“What’s next?” he asked the kitchen.
“Take a breather,” Jane said. “If we need help, we’ll yell.” There were too many cooks in the kitchen, but these women didn’t get to talk to each other often and they never ran short of news or breath. The youngest was about twenty, he estimated, and most of the worker-bees were, like Jane, closer to thirty. Two of the older women were punching bread dough on a flour-covered plank sitting on the counter. Looked like a Saturday Evening Postcover. 
He ambled into the parlor and grabbed a newspaper. Premier Mendes France had struck a deal with Habib Bourguiba for Tunisia to be independent. He was set on getting rid of the French colonies. 
He had agreed with Ho Chi Minh after the massacre at Dien Bien Phu to withdraw French troops from Vietnam and turn the government over to the locals. Of course he was a Jew, everyone knew that—he looked like a Jew, too—but he had been a fighter pilot in the war and the French liked him.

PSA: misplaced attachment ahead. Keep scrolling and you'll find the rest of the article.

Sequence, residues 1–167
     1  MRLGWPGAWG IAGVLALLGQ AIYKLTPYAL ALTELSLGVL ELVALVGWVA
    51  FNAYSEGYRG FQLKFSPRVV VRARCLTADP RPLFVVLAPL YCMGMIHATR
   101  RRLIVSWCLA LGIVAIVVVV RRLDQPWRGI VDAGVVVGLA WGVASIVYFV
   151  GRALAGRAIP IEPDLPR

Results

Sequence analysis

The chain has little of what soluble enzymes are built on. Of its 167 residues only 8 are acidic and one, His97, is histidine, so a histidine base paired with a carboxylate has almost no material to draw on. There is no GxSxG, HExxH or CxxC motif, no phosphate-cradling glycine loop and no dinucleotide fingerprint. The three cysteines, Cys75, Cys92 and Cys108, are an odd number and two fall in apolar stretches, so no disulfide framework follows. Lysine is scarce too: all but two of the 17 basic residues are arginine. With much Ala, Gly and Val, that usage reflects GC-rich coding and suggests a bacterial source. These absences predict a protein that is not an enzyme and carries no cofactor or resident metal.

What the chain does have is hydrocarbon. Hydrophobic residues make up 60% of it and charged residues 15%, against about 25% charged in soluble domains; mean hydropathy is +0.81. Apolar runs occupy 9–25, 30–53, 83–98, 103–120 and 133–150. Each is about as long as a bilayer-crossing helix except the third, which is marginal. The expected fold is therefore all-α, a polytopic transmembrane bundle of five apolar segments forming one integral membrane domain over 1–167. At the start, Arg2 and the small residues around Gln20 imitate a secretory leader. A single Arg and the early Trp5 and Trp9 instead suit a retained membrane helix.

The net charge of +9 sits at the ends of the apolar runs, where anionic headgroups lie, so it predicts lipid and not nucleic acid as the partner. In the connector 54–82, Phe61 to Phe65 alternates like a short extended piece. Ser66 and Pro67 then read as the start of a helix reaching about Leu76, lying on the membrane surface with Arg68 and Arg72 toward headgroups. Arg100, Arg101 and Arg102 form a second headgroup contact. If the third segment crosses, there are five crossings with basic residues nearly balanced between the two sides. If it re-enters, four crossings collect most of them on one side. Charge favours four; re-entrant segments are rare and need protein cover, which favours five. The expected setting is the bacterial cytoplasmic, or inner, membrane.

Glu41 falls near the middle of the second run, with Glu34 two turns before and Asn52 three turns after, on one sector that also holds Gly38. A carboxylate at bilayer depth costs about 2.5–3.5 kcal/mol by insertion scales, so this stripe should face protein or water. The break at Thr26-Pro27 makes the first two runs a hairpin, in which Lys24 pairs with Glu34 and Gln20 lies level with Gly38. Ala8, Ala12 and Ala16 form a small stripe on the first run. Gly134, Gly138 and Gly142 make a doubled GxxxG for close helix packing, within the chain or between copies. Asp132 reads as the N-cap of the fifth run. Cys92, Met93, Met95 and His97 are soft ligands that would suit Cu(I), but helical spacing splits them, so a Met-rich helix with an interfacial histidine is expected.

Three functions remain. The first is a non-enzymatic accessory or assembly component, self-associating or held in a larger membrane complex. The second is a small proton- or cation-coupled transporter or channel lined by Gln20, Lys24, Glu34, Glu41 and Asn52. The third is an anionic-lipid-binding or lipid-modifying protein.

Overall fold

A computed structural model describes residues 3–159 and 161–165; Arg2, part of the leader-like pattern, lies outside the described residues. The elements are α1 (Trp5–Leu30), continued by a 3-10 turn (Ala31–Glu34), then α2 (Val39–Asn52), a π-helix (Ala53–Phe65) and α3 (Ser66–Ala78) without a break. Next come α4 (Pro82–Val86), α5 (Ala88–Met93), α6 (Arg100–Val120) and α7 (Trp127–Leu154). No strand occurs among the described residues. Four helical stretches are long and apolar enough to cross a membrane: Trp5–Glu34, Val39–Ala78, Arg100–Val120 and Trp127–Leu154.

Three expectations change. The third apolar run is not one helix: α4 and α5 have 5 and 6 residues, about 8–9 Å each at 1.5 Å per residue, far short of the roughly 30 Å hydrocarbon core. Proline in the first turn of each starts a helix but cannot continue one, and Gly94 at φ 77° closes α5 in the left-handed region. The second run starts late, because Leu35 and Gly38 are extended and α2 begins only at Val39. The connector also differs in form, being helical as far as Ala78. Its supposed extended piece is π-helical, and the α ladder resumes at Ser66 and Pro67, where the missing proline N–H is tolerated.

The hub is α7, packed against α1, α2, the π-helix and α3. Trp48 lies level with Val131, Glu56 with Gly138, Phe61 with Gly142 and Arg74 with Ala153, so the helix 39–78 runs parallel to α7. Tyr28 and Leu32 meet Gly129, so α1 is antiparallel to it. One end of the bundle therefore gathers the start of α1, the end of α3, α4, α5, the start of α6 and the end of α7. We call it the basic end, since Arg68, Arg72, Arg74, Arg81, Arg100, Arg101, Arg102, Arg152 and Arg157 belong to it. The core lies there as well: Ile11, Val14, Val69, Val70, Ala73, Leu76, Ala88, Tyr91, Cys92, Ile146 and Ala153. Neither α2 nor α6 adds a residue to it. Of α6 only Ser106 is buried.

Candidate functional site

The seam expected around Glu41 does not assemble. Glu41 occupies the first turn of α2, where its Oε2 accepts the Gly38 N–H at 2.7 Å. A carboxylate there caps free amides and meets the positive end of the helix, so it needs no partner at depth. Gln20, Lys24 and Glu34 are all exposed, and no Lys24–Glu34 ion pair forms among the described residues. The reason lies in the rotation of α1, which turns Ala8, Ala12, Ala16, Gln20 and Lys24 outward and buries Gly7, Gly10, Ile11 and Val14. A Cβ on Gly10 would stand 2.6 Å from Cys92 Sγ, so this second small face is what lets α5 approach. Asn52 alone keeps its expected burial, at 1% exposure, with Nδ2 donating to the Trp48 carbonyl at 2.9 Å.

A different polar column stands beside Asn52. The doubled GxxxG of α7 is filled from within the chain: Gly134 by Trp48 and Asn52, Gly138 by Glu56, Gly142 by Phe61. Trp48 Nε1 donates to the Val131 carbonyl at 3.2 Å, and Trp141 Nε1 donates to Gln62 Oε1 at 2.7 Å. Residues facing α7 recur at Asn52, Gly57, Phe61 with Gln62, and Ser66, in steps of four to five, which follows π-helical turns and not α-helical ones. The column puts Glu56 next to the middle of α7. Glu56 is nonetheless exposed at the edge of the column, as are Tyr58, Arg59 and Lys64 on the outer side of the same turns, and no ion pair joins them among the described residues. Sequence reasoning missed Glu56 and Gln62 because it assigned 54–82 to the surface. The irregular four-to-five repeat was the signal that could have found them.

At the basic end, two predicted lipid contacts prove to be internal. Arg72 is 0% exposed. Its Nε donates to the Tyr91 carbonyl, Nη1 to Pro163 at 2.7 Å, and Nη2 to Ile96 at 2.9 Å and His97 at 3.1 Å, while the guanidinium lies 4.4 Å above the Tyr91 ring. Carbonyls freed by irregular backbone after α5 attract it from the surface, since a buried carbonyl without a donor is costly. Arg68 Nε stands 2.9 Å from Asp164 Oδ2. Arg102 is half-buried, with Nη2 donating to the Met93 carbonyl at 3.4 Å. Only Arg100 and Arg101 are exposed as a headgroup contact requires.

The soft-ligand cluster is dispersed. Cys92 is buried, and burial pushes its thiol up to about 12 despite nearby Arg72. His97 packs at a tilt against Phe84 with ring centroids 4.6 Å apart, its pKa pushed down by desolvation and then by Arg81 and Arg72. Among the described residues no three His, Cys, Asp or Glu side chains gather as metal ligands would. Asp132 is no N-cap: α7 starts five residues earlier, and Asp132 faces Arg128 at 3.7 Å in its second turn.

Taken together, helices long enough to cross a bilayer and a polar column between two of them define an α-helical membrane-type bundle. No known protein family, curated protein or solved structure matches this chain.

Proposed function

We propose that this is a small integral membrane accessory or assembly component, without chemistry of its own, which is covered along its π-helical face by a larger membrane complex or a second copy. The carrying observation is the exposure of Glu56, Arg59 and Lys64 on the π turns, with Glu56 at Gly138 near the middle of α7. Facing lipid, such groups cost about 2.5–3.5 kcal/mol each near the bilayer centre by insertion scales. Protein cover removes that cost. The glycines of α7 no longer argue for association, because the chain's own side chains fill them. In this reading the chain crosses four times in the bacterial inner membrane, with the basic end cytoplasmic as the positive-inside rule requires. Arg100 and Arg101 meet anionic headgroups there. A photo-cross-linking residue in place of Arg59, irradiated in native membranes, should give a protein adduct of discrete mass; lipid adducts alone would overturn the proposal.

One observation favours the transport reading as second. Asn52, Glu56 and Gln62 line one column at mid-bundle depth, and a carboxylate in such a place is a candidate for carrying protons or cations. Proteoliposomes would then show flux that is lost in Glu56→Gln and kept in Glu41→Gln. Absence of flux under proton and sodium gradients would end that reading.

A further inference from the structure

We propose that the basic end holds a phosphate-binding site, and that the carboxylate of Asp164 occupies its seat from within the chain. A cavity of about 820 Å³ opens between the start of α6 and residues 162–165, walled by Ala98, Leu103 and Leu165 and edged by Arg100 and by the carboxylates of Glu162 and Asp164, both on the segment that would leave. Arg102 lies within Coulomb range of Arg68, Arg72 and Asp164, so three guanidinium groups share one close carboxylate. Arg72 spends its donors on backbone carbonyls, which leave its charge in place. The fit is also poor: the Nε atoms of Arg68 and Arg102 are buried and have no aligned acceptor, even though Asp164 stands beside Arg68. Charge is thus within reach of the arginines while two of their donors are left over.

The French were always unpredictable. They had owned most of north Africa and he was just giving it away, back to the natives. Well, not natives like in the movies, you know, but the locals. Camel drivers or whatever.
Well, Britain was starting down the same path, from the greatest empire the world had ever seen, to a small island with some trade agreements with places they used to own. Look at India. Look at Burma. That Nehru, he was almost British, about as good as India was going to get.
“Where’d you get the tomato juice?” he asked the two men on the couch. “Hi, I’m Ted Semple. I’m here with Jane.”